Coldplay’s sixth studio album, Ghost Stories, comes out on May 19th. It is streaming on iTunes right now and after about six listens, it’s safe to say it might be my second or third favorite Coldplay album. But this blog isn’t about Ghost Stories. It’s about their third album, X&Y and how sharing music with someone you have feelings for is a risky move.
If I had kids, my first piece of advice when it came to relationships would be, “Don’t share your favorite songs with someone you’re just starting a relationship because if it falls apart, the music does too.”
X&Y was released in 2005, around the time I was in my first real relationship. I remember “Speed of Sound” premiering and thinking, “This song is how my heart feels!” I watched an episode of “The OC” with the woman I was dating just to hear a snippet of “Fix You” at the end. Then the album came out and I listened to it non-stop. I told her she should listen to it. I had it playing in the car on a CD (remember those?) I played it on my laptop. It was everywhere. It was our soundtrack.
Then, depending on which era Mark you asked, the relationship ended either terribly because she was selfish (2005 era Mark) or logically due to many reasons that were both our faults, a “conscious uncoupling” if you will (2014 era Mark with the assist from Gwyneth Paltrow.) After the breakup, every song was about her. I remember thinking, “I too will wait Til Kingdom Come!” Fuck that song. I didn’t want her to get “Swallowed In the Sea!” Well, that song is stupid. In fact, the one song I hated at the time, “The Hardest Part,” became my favorite from the album.
And that’s the danger with music. I still remember where I was when I heard The Darkness’ “I Believe In a Thing Called Love” (freshman year, dorm room with Alan, about 730am, getting ready for class, it playing on MTV.) So many songs, so many memories, forever intertwined.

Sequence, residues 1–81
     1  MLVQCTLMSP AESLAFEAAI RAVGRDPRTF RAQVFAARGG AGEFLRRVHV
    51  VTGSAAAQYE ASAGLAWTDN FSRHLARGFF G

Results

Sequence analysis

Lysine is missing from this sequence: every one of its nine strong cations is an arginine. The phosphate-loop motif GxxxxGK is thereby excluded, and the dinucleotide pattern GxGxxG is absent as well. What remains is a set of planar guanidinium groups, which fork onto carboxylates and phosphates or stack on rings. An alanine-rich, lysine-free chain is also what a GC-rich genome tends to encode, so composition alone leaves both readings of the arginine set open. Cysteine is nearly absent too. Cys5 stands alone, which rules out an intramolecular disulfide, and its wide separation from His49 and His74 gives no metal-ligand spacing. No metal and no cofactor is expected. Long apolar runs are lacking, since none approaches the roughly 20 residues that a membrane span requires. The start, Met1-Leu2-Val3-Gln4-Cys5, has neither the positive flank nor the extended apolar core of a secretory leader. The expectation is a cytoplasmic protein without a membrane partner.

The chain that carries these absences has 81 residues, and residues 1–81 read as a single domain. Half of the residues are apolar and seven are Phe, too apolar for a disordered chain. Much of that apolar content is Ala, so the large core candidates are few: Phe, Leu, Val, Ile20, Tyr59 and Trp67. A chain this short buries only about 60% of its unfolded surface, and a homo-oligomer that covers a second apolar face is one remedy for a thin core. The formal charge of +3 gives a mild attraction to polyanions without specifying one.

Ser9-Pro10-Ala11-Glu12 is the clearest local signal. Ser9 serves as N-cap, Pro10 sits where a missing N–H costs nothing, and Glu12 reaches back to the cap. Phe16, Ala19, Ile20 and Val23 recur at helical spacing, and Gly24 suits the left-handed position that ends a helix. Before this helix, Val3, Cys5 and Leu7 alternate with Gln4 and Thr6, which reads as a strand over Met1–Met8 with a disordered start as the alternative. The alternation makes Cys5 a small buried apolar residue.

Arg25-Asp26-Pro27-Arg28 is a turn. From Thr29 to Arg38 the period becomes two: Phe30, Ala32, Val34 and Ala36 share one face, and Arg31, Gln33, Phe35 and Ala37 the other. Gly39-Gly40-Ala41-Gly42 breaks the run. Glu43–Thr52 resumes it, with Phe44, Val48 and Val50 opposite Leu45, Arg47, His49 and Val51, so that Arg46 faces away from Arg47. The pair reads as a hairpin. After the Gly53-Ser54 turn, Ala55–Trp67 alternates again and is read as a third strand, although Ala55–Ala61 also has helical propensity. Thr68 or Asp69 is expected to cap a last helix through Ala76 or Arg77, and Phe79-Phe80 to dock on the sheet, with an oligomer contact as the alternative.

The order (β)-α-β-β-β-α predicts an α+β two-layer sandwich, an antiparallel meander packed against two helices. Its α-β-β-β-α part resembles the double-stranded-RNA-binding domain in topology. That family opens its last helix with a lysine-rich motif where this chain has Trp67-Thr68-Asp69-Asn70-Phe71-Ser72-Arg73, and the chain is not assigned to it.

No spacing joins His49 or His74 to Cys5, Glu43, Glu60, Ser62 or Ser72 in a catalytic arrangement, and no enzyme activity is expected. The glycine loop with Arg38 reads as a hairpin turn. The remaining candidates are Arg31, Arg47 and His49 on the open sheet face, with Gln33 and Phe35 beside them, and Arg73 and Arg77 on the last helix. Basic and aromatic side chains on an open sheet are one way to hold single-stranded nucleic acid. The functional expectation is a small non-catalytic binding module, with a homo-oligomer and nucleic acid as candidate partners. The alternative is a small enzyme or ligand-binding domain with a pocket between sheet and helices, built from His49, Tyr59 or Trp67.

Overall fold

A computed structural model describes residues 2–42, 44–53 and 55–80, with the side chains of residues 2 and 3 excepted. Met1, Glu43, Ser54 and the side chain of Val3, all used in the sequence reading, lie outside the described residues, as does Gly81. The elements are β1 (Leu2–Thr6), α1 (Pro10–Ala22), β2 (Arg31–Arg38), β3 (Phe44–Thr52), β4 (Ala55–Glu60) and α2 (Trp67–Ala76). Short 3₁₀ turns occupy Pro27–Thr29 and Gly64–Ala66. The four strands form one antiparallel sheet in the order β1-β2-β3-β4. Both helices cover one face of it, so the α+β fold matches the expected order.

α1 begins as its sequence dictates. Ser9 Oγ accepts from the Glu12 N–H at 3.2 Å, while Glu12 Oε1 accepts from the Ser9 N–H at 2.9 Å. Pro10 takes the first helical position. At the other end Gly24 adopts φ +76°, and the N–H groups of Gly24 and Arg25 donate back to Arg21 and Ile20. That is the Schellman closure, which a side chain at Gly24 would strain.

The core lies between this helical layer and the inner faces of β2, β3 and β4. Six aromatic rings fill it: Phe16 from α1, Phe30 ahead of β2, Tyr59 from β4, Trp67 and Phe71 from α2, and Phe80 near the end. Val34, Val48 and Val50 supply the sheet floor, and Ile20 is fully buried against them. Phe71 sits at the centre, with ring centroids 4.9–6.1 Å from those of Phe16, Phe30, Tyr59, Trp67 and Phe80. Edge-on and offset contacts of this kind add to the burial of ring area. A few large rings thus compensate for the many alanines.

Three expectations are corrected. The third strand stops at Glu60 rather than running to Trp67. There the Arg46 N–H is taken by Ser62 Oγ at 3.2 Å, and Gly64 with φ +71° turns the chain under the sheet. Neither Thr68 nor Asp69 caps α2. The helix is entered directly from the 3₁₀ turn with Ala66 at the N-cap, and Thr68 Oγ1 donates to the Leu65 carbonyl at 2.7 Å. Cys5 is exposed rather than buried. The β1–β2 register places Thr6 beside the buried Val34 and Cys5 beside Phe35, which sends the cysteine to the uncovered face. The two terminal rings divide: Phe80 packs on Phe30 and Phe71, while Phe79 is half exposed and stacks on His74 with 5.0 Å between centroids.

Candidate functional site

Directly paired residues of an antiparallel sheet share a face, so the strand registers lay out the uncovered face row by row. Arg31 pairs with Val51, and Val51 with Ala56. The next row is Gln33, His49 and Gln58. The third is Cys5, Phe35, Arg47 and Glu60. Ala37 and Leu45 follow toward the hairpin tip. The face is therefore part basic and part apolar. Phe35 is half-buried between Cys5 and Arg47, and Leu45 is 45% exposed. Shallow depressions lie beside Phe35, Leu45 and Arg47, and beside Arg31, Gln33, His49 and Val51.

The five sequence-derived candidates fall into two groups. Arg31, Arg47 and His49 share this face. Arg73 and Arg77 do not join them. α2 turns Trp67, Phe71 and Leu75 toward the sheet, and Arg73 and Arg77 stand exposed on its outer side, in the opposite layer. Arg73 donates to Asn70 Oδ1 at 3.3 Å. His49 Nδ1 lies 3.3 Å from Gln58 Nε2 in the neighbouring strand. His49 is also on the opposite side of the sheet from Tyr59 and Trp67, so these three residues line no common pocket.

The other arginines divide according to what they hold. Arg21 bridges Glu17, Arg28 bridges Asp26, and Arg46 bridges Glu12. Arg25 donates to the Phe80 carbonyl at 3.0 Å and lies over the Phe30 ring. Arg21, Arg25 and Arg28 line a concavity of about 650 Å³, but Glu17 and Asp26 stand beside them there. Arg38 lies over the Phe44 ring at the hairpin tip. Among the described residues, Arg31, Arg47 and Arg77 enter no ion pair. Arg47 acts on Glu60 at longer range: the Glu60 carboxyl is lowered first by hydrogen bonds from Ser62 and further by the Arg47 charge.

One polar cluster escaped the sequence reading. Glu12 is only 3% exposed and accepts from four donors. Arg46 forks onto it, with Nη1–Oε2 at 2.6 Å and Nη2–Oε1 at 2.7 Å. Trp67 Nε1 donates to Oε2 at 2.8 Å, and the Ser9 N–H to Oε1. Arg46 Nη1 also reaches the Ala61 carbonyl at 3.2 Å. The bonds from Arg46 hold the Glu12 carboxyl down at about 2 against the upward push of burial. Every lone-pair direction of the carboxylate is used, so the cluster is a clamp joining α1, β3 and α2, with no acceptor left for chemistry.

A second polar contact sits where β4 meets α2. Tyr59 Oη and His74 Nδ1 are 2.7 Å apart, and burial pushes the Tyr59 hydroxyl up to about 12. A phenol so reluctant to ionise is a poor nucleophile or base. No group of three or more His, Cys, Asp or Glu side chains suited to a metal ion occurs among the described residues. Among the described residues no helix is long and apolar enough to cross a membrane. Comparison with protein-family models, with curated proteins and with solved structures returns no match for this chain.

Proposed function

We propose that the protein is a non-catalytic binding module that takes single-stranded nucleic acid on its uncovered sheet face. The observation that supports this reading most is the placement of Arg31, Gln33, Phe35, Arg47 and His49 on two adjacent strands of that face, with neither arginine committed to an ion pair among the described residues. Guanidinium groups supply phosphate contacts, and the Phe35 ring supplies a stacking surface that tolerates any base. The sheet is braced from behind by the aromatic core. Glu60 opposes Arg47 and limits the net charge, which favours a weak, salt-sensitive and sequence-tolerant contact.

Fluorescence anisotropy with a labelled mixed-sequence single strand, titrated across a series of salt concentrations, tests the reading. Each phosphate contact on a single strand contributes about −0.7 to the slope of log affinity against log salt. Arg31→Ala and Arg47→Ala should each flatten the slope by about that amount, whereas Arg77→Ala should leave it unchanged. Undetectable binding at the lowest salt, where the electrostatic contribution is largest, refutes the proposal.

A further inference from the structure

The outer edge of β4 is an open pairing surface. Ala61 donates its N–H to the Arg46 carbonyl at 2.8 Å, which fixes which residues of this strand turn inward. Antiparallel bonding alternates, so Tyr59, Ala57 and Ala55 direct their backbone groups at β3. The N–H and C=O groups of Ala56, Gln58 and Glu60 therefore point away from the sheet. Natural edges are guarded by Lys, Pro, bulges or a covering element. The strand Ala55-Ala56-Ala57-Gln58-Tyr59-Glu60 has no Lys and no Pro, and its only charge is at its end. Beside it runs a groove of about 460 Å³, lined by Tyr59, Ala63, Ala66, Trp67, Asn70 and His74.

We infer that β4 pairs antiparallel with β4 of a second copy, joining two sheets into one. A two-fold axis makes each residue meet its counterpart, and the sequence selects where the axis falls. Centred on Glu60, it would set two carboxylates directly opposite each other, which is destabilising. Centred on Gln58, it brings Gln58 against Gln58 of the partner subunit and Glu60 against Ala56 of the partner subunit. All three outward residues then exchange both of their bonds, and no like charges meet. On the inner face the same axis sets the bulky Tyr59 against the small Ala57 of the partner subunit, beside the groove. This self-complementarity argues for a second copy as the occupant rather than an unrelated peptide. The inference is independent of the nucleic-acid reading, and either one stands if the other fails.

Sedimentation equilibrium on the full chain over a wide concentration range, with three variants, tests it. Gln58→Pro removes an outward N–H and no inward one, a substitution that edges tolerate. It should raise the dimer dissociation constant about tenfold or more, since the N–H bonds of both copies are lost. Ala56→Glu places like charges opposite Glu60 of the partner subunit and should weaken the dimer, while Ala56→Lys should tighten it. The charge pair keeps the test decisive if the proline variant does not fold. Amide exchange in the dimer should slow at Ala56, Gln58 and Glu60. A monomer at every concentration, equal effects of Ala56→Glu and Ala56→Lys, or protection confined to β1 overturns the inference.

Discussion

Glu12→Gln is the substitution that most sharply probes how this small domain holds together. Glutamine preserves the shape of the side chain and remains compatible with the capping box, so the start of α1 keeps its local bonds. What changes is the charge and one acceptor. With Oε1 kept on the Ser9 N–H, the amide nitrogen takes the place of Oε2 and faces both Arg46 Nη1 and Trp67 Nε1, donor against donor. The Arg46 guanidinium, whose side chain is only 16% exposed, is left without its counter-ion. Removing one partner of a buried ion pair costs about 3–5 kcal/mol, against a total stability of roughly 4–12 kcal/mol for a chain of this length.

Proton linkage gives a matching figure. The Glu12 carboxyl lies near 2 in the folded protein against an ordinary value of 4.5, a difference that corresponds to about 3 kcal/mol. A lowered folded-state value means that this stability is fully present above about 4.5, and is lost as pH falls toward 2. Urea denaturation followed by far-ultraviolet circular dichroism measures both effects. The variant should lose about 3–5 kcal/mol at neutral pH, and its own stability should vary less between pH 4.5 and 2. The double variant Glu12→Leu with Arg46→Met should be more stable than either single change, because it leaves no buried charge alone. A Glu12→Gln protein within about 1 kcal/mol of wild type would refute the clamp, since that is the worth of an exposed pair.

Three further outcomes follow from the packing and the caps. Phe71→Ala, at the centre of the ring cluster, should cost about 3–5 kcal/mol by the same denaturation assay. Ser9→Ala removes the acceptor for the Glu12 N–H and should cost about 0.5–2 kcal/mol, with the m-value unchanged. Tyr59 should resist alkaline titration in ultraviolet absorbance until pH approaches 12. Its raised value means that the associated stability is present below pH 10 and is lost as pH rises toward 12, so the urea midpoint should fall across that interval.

I made this mistake again years later with Shout Loud Louds’ album “Our Ill Wills.” Now, that relationship ended fairly clean and didn’t destroy my soul too much, so after some time, I was able to listen to it without feeling like I needed to write terrible poetry about hearts and shit.
I remember when Hailey and I first started dating, I found it really hard to share music with her. I didn’t want to. It made me nervous. The first time I played her some Super Furry Animals, I thought, “Shit, I’ve loved them for almost a decade. If this ends, so does this 10+ year relationship.”
So that’s my advice to everyone: be careful with your music. Don’t give it away quickly. You might feel strongly about someone. You might think you love them. But wait until you know because when you lose that person, you lose those songs. And that’s “The Hardest Part” (OH SHIT YOU SEE ME TIE THIS INTO A COLDPLAY SONG FROM X&Y? WHAT “A MESSAGE” OH FUCK YEAH I DID IT AGAIN GIVE ME A BOOK DEAL NOW.)
So with Ghost Stories coming out, I decided to try X&Y again and see if years have changed my mind. And they haven’t. Not one bit. It feels terribly over-produced, like Coldplay is trying really hard to be the loudest, Coldplay-iest Coldplay they can. I really don’t like “Fix You,” which is probably one of their five biggest songs. “The Hardest Part” and “A Message” are the only songs I really like. Otherwise, it’s a terrible album.
Is it because of her or because my musical tastes have changed? I don’t know. Never will.
Great post, Mark! I feel the same way about books. I’ve stopped lending them out to guys I’m interested in. Not worth having to consciously uncouple from a favorite book or song or album.